On the Importance of Outreach

As a researcher in a natural history museum, I have a couple main ways of sharing my work with others. The first is, naturally, by writing and publishing papers in peer-reviewed journals. The second is through formal or informal events at the museum. And, as rewarding as it is to see your hard work in print, interactions like one I had yesterday at Carnegie Museum of Natural History are truly special. 

Getting ready for Meet-A-Paleontologist, with some Antarctic plesiosaur specimens to share

Matt Lamanna and I were participating in an event at CMNH called Super Science Saturdays. We sat at a table in one corner of the dinosaur hall, behind a sign reading “Meet A Paleontologist” and about a dozen fossils for people to pick up and ask questions about. The main demographic of visitors was elementary schoolers, often wearing dinosaur-themed t-shirts, always keen to pick up and wave around our fossil examples. Matt and I were glad we had chosen robust specimens. There were also plenty of older kids, a few teenagers on dates, and grown-ups. 

As the afternoon wound down and the steady stream of visitors slowed to a more manageable level, a teenager and her mom approached me at the table. The mom spoke first, because the girl was quietly struggling to choke back tears. 
“She wants to be a paleontologist, and she’s just very emotional to meet one in person.” She turned and spoke to her daughter– “Go ahead, talk to her! Ask her all your questions!”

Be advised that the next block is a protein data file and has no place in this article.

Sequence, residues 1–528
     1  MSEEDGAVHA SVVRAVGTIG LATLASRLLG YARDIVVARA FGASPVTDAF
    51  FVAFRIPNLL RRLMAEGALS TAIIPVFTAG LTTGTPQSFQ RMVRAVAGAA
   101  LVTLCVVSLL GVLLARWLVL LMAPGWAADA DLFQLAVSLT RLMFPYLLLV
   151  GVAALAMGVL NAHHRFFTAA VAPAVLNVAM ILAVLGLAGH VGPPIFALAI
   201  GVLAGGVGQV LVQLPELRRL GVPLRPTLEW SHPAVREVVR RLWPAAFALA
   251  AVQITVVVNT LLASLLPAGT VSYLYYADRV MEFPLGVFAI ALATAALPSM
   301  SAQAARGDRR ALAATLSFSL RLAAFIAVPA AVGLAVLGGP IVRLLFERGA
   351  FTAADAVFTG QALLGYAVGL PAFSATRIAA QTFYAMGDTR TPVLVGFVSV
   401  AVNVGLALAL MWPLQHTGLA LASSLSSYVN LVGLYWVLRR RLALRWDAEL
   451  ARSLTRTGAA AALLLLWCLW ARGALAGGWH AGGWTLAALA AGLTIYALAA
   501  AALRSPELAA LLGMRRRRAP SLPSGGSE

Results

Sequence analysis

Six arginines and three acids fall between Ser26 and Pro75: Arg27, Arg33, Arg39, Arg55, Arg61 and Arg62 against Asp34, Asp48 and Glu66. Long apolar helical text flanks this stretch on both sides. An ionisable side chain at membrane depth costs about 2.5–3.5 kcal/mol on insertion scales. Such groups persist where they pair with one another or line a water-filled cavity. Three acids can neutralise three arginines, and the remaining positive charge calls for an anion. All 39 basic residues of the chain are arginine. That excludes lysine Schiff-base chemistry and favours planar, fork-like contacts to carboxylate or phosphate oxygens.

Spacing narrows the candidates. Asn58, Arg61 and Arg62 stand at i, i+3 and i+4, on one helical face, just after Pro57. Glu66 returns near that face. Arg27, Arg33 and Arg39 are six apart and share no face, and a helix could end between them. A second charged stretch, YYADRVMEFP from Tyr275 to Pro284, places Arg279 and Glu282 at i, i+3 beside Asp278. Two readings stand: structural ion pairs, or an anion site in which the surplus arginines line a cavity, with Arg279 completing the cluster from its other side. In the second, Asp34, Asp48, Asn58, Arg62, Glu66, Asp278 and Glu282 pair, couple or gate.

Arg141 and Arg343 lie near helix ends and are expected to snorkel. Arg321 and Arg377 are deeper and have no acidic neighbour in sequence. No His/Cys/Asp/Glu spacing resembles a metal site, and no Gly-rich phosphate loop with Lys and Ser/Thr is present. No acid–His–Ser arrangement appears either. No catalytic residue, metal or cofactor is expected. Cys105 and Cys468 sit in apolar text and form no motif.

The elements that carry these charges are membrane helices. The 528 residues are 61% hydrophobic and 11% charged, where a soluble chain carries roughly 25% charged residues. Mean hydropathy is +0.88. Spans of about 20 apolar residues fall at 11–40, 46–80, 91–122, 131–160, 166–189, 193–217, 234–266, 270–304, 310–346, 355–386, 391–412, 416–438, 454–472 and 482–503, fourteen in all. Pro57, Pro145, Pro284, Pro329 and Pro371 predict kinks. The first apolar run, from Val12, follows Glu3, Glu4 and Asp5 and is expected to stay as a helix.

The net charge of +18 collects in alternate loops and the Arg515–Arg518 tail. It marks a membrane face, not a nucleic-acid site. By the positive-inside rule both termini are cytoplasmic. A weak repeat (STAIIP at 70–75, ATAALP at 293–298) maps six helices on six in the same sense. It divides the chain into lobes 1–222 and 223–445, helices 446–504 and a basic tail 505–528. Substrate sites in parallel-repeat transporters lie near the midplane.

I tried to put on my least intimidating expression, and after a minute the girl and I were chatting about my career path and her plans to go to college next year and study biology and geology. (“I knew it! I told you I should do biology and geology, mom.”) At the end of our conversation, she was once more a little emotional. Her mom handed me the museum guide and map, and whispered, “can we get your autograph, please?” I’m not used to being asked that, but I obliged, and wrote the daughter a note with how to keep in touch. 

This might sound like an exaggerated, ego-padding story from my telling of it. And it did make me feel somewhat proud of my own accomplishments. Beyond that, though, I think it highlights a responsibility that modern scientists have: to connect with students, share advice and empathy, and give effort and personal time to make our work, and our lives, accessible. And it demonstrates that this effort (which sometimes feels exhausting) can be not only rewarding, but also really impactful for the next generation of scientists.